There have been few targets among grassroots conservatives as large as South Carolina’s Lindsey Graham over the past few years. His “compromise” votes on subjects ranging from Obama nominees to government shutdowns have had the base up in arms, frequently bringing up promises of retribution during the next election cycle. Well, that time has arrived, but the comeuppance still doesn’t seem to be developing. Oh, he has challengers to be sure… six of them in fact, just in the primary. And yet, he doesn’t look like a guy with a lot of worries. According to at least one report, he’s managing this feat through a combination of goodwill, shrewd politics and nearly $7 million.
Rep. Mick Mulvaney was thought to be a credible challenger in the June 10 primary, until Graham inspired House leaders to give Mulvaney a seat on the House Financial Services Committee. Mulvaney opted against challenging the two-term senator.
A hacking episode resulted in the theft of South Carolina taxpayers’ personal information and a public relations problem for Gov. Nikki Haley, also up for re-election this year. Graham advised her on the situation, and now she has better poll numbers than he does.
It also helped that two of the most promising contenders to unseat him from his own party found, er… better things to do.
State Sen. Tom Davis, an aide to former Gov. Mark Sanford, predicted before the Republican convention in 2012 that South Carolina voters would oust Graham. But Davis said he could do more for his libertarian-leaning causes in the state Senate, and that to run against Graham, he would need to raise a lot of money.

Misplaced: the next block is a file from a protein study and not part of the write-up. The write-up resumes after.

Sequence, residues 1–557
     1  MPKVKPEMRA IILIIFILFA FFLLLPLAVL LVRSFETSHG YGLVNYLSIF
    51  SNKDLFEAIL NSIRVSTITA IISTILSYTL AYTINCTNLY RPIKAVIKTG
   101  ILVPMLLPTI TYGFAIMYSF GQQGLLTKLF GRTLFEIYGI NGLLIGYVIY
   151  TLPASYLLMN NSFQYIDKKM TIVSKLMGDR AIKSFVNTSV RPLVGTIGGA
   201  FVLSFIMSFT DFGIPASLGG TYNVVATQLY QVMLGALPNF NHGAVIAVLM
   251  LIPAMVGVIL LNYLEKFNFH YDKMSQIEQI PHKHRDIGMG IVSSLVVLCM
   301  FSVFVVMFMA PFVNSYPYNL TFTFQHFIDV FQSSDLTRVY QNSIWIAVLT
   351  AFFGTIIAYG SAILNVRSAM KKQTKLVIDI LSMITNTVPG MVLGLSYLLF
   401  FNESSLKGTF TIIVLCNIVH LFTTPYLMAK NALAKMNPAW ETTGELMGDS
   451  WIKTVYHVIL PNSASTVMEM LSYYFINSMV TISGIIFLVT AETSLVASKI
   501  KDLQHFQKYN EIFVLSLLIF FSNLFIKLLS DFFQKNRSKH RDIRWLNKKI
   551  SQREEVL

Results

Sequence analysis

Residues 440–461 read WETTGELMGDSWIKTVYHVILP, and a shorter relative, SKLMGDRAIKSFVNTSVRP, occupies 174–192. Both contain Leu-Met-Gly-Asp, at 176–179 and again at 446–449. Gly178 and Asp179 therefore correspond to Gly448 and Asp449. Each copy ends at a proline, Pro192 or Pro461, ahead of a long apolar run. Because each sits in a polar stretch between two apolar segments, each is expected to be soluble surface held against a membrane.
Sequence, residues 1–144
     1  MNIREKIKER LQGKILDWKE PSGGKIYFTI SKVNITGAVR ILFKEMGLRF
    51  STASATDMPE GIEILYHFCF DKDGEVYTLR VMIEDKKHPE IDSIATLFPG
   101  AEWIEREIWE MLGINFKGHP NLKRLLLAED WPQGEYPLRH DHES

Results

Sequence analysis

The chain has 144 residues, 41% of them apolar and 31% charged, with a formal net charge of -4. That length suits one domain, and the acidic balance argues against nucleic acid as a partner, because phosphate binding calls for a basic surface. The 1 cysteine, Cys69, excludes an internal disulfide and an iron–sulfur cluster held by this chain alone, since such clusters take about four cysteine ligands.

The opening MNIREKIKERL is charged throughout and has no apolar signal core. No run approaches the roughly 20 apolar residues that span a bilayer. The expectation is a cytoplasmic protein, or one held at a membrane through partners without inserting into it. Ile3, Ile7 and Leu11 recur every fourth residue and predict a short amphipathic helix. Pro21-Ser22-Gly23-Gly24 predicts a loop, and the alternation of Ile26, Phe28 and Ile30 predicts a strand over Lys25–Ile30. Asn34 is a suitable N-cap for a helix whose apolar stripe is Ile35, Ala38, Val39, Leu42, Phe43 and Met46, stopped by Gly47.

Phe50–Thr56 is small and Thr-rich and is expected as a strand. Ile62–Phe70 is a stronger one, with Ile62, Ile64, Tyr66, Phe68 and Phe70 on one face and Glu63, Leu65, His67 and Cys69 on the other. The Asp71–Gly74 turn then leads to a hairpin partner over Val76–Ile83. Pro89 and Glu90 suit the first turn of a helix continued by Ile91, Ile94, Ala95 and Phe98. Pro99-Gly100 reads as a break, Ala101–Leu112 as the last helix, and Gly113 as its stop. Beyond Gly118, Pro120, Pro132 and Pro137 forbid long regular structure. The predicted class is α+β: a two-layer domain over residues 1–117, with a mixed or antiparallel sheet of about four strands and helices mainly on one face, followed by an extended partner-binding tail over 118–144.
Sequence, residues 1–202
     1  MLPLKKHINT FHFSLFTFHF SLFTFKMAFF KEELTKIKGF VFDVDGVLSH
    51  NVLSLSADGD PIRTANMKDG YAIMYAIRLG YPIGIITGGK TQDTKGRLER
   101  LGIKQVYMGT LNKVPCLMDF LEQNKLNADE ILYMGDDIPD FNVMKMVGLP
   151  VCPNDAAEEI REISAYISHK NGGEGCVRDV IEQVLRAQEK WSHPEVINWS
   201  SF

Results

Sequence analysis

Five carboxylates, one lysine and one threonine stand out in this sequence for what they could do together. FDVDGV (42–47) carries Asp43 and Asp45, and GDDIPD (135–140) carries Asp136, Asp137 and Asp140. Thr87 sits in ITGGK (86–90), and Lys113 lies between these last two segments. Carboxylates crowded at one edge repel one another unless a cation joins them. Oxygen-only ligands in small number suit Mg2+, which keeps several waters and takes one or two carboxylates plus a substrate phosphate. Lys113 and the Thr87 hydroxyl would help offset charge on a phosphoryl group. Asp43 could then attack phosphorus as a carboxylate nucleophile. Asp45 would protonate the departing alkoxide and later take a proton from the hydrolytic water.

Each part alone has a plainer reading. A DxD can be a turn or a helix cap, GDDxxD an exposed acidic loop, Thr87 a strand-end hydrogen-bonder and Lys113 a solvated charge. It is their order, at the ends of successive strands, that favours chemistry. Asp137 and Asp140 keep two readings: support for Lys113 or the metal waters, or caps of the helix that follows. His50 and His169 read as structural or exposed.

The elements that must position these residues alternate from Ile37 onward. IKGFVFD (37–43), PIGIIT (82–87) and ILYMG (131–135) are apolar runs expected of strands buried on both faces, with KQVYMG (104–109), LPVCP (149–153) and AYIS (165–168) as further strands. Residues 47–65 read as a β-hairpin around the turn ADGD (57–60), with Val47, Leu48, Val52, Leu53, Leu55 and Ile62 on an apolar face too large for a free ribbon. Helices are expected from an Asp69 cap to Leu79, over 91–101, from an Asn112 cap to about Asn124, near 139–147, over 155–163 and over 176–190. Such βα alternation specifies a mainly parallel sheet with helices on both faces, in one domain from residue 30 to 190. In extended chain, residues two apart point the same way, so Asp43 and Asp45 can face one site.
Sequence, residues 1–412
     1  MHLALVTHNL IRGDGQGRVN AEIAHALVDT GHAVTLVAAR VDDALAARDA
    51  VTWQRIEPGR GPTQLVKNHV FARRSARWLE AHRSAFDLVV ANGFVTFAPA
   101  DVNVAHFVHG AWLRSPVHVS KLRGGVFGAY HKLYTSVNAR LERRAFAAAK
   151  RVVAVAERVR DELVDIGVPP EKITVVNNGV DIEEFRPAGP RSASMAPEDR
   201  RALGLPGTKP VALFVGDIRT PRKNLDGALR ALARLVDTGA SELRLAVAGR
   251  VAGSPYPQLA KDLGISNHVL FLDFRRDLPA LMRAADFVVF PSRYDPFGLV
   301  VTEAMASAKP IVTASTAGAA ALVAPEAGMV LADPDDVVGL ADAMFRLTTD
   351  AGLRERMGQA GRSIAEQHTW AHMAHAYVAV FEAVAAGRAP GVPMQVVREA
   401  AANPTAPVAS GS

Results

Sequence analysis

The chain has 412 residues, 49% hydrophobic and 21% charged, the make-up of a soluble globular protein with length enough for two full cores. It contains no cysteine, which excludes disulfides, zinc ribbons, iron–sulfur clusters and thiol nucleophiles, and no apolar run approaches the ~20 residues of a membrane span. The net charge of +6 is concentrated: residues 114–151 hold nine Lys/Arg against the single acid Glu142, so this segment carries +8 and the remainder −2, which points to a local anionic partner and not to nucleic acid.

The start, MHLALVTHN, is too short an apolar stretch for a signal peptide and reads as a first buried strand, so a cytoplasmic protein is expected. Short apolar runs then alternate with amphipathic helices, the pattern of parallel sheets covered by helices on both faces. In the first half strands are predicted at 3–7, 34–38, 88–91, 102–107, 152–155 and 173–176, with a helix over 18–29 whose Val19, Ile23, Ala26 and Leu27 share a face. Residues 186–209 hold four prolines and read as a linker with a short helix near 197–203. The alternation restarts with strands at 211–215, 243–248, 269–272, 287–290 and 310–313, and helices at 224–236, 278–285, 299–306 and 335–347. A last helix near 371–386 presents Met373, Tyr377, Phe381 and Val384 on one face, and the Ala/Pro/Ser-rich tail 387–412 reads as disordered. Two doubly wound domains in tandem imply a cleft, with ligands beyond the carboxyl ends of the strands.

There was a movement to draft Mulvaney, but he demurred, saying he doesn’t enter races he can’t win.
The crowded field of more than a half dozen people seems to be working as something of a double edged sword, given the way the South Carolina primary process works. On the one hand, Graham needs to get more than 50% of the vote to avoid a runoff, which becomes incrementally more difficult as more contenders throw their hats in the ring. On the other, having such a low signal to noise ratio, it becomes harder for the contenders to break through. None of the challengers are registering at more than 10% in the latest polls. Of course, if one of them does wind up in a runoff with Graham, that will focus attention and possible support, but would it be enough to surge into the lead? And let’s not forget the $7M advantage. It’s given Graham the luxury of time and greasing some palms to keep himself in good favor with the folks who count.
Whenever he isn’t in Washington, Graham is campaigning.
The money the senator has amassed for his race means he can run ads almost daily, host free barbecues and ice cream socials and organize the more than 5,000 precinct captains that he claims into a massive get-out-the-vote effort.
Any battle to unseat Graham was always going to be a tough one and it would require some serious organizational skills – as well as cash – to pull it off. Whether any of this crop of contenders can muster that type of effort will be coming clear next month. The South Carolina Senate primary takes place on June 10th.